“Five to six million Americans living abroad, along with 39 million immigrants in the U.S., should theoretically be filing an FBAR. Yet in 2009, only 534,043 were filed, according to the Treasury Inspector General for Tax Administration.”
This nugget extracted from:
Among extraterritorials and immigrants to the United States …
100 to 1? 50 to 1? Who knows?
In cosmology, scale shifts to order of magnitude. Here on a chunk of planet Earth, navigation falls back on magnitude of disorder.
That is the point I have been making in my correspondence to Shulman going back to 2009, and have asked every Reporter I can think of to implore them to ask the Commissioner.
When the IRS asserts success, how can they do that without some indication of increased FBAR filings ratios? How can you do that without some calculations of what your current compliance rate is, what it should be, and how much has it improved. This is not just raw number, it has to be expressed in percentages. If you are only moving the needle from 3% to 7%, is that success?
The immigrants to the USA (Green Carders and Dual Citizens), if they have more than 10,000 dollars (aggregate) in bank accounts or investments in their countries of origin they must file FABARs. The same as for Americans living in the USA or abroad. And I guess the banks in foreign countries will have to report to the US the names of all Americans who are their clients. There are however some questions: Green Carders and Dual Citizens have accounts in their country of origin as nationals and not as Americans, And if the foreign countries demand reciprocity can you imagine the USA banks in the USA reporting to foreign countries all the accounts they have of resident aliens? When the FBARS came I thought that once done you could save them and do them again next year with the mofifications. Not so… I have no ida why this can´t be done. It seems that in 2011 you can´t use the form you filled for 2010… So you will have to do the whole thing.all over again… Why?
I just made a donation to ACA: http://www.aca.ch
the point of my last post is that I was in compliance with my tax filing requirements, but FBAR caused me dread. How was I to file this, when none of what was in the bank accounts I had earned. Then face the potential fines and imprisonment for quiet disclosure. Hell no. The US government needs that information to convict you. Why give them what they need to throw you in jail? (well now it’s because of FATCA). I thought there was this thing called the Fifth Amendment. If mafia guys in the movies can plead the Fifth, if crooks being picked up off the street have Miranda rights, why isn’t there a Fifth Amendment for Americans living abroad? Because the purpose of man is to pay his fair share. Everything gives way to the greater good. Who cares how many 10 amendment rights are smashed crashed and burned, provided that the IRS can get you to pay your fair share? Nice ring to those words, they rhyme: “Fair Share” — “Hey you with the long hair, when you gonna pay your fair share?”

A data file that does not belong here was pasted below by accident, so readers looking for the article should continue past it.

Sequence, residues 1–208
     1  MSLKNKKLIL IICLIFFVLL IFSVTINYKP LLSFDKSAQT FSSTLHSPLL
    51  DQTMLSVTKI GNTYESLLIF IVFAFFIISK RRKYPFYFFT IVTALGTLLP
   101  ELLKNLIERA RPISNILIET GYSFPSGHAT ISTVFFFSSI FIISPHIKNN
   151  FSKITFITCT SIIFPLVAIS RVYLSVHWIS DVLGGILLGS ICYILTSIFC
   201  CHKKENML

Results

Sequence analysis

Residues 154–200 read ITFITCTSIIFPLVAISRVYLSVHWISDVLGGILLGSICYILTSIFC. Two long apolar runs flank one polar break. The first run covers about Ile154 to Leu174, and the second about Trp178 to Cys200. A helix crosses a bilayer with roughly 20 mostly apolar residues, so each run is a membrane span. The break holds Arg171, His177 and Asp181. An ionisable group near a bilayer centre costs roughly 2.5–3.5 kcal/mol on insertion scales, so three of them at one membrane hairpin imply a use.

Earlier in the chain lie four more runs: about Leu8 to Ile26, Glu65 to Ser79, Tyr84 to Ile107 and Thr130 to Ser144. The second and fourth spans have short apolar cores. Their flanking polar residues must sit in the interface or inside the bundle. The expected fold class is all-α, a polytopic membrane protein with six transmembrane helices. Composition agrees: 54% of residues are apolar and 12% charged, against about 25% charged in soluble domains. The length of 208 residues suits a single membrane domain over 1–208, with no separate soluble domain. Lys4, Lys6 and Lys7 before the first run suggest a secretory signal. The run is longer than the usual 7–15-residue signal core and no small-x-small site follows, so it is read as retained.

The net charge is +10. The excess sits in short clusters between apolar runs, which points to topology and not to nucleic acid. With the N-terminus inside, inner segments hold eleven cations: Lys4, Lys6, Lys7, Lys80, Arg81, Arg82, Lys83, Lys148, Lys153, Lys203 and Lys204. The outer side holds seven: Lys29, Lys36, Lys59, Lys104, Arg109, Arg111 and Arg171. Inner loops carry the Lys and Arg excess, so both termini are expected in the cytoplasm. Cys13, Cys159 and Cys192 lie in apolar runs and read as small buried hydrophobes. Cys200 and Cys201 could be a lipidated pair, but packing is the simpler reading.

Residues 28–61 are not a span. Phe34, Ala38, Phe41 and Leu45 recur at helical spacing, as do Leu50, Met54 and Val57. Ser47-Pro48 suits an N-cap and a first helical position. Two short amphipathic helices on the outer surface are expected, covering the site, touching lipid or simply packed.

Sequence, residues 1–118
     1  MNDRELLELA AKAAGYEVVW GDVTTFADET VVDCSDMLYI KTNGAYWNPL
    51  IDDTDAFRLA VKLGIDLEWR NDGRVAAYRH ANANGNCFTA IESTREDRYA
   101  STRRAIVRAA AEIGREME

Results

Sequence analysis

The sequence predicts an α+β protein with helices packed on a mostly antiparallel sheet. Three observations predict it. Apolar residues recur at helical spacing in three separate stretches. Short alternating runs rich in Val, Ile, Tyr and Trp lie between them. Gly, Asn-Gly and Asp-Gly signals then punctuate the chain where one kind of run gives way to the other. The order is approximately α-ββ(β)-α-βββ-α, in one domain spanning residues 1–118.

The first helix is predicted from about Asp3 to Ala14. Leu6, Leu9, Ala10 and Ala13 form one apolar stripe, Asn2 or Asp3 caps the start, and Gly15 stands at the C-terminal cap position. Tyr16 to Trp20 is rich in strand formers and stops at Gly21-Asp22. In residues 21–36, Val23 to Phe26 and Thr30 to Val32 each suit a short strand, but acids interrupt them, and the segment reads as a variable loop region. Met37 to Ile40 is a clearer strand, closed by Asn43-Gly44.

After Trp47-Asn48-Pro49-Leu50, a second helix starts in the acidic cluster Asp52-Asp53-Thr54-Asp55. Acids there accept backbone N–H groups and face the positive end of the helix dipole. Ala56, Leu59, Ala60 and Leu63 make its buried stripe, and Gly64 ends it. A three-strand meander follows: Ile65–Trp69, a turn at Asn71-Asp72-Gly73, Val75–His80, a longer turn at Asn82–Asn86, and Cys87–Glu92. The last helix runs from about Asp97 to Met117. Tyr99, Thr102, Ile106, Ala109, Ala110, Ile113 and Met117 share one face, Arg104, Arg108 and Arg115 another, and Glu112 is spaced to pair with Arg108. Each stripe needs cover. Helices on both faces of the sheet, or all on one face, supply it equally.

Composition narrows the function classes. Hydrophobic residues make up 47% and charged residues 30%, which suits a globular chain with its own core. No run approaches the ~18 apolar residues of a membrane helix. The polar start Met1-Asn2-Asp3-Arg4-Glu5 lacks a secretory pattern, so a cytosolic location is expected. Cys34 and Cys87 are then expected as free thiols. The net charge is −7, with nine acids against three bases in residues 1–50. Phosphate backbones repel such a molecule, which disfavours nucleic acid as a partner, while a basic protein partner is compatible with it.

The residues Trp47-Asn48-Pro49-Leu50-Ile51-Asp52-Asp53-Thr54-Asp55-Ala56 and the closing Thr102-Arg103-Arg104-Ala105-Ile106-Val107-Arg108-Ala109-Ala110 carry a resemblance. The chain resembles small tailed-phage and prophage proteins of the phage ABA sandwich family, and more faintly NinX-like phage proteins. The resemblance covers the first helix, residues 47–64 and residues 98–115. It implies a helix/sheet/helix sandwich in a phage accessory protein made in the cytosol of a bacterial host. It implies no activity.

First issue: They are proposing the DATCA, where they will send US bank account details in America to foreign countries. There are a few people in Congress that oppose it.
Second issue: they want to get all of the details again to see if you have unreported income.
The real crazy part about these US laws is that they violate most privacy rights in most countries. If you have a joint account with a spouse, and you send the details of your account to the US, then I bet you are breaking a Brazilian privacy law. But remember, the US consulate can do nothing for you if you are thrown in jail here. It’s really absurd.
Simple fact. IRS is getting any of the above issues–or any relevant points–for one simple reason. They don’t want to get it. Other ways of doing business are far too logical, rational, efficient and effective for IRS.
I don’t think the reciprocity issue is going to go anywhere. I have seen no indication other countries–with maybe with exception of Eritrea and North Korea–are even remotely interested.
As I will soon prepare my Canadian income tax return, I am once again grateful for the professionalism, respect and common sense CRA consistently shows to its taxpayers. .
Any teacher who had a student failure rate like this would either have to rethink his/her teaching method or face losing the job. The failure rate of FBAR compliance is somewhat reminiscent of the failure that was encountered with Prohibition.
Both of these laws shared the same legal wrong which is that they denied people their personal liberties and turned innocent people into criminals.
In the end it was the indiscriminately wide scope of Prohibition that resulted in people ignoring the law and culminated in its repeal.
People have a right to bank wherever they want. If the government believes that a foreign bank account is being used to evade taxes then it is up to the government to prove such is the case. Otherwise there must be a presumption of innocence. Even the T.A.S. in her report reprimanded the I.R.S. for ignoring this basic principle of American jurisprudence.